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Business Transaction Marketplace Continues to Improve

All the statistics are pointing up in relation to business transactions in 2014.  Bizbuysell.com, the internet’s largest business-for-sale marketplace, reported earlier this month that third quarter small business transactions remained at historically high levels.

Through the 3rd quarter of this year, the total number of closed transactions has increased 20.35% from the same period in 2013.  The number of closed business transactions has continued to improve each year since the recession, and is currently on pace to record the highest number of closed transactions reported since Bizbuysell began reporting the information in 2007.

More importantly for Sellers of small businesses, the median sales price also continues to rise, growing 5 percent in the 3rd quarter compared to the same period last year.  Much of this increase is directly related to the fact that revenue and cash flow for businesses sold continue to increase – resulting in higher sales prices.  Perhaps more telling is that sellers are receiving higher multiples for their businesses – with the average revenue multiple increasing by 6% and the average cash flow multiple increasing by nearly 9%!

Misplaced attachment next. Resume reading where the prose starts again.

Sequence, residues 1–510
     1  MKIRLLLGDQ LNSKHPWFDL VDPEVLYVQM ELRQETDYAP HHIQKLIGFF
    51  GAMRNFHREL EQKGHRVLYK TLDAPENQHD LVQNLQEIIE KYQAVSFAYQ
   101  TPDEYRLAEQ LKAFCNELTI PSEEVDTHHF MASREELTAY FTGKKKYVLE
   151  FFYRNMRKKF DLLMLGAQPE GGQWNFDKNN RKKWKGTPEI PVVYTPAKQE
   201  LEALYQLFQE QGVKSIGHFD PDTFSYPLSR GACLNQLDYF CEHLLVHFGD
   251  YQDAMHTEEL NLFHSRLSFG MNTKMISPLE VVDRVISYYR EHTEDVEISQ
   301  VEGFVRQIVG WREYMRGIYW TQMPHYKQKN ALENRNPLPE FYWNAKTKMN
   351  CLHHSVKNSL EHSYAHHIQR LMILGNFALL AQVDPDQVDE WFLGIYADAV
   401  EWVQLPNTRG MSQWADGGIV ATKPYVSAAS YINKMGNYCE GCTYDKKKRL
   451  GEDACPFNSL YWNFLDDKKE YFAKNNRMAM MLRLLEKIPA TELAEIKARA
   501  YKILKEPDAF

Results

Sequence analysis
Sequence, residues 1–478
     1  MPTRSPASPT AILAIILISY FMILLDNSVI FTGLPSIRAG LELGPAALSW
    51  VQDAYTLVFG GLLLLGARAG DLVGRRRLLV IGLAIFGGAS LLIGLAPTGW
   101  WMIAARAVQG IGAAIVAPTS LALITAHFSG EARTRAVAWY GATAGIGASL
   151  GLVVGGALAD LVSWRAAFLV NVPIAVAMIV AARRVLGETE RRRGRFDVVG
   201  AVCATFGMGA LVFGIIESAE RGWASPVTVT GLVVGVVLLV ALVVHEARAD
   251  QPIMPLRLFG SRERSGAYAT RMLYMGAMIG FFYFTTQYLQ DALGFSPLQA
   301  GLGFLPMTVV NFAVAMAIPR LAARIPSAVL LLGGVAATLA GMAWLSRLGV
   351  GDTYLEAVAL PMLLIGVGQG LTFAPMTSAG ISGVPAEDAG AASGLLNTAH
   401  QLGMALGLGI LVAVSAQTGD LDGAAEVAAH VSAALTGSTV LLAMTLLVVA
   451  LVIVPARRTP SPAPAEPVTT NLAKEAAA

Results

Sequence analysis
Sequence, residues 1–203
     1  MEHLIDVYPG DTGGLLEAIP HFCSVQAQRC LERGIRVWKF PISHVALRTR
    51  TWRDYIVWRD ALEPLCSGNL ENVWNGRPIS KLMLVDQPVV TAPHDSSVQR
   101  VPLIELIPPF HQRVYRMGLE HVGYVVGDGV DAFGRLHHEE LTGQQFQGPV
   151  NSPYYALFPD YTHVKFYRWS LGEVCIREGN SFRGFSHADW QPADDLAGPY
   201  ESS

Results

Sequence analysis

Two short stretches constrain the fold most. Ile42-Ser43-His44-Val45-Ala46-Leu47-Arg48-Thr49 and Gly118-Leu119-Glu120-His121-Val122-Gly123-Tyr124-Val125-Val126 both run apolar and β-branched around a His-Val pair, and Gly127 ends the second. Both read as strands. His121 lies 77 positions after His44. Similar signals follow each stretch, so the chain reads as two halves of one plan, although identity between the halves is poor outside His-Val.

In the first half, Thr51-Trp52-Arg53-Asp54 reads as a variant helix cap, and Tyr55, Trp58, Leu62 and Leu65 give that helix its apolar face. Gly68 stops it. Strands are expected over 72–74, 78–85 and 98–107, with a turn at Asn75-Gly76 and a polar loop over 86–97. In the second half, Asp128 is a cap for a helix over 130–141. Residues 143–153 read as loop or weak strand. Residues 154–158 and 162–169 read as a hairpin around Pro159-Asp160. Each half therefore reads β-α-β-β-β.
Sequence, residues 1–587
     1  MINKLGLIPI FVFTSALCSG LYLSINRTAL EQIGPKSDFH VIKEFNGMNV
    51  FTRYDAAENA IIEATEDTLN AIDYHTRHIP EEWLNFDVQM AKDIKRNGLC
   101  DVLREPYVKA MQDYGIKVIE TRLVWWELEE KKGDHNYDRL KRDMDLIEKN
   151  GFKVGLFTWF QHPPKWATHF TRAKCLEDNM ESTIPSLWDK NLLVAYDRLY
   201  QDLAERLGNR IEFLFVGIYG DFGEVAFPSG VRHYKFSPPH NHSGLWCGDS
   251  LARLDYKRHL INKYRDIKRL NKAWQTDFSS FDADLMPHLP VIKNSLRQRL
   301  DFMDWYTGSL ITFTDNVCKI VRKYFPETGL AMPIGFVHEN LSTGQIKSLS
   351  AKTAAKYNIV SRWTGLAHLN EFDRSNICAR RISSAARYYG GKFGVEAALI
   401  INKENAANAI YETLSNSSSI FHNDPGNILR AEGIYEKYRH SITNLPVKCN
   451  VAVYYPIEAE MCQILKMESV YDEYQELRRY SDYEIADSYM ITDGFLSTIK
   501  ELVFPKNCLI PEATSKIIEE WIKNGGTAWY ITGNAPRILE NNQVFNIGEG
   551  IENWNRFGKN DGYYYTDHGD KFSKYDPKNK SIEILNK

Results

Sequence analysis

With revenue and profits increasing, sellers receiving higher multiples, and at the same time business transactions continuing to increase, all indications are that we are slowly shifting to a Seller’s market!

Is the time right for you to considering selling your business?  Curious to see how you might improve the value of your business to both strategic and financial acquirers?  Complete the Sellability Score questionnaire today and we’ll send you a 27-page custom report complete with your score on the eight key drivers of Sellability. Take the test now: 

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10 Things That Make Your Business More Valuable Than That of Your Industry Peers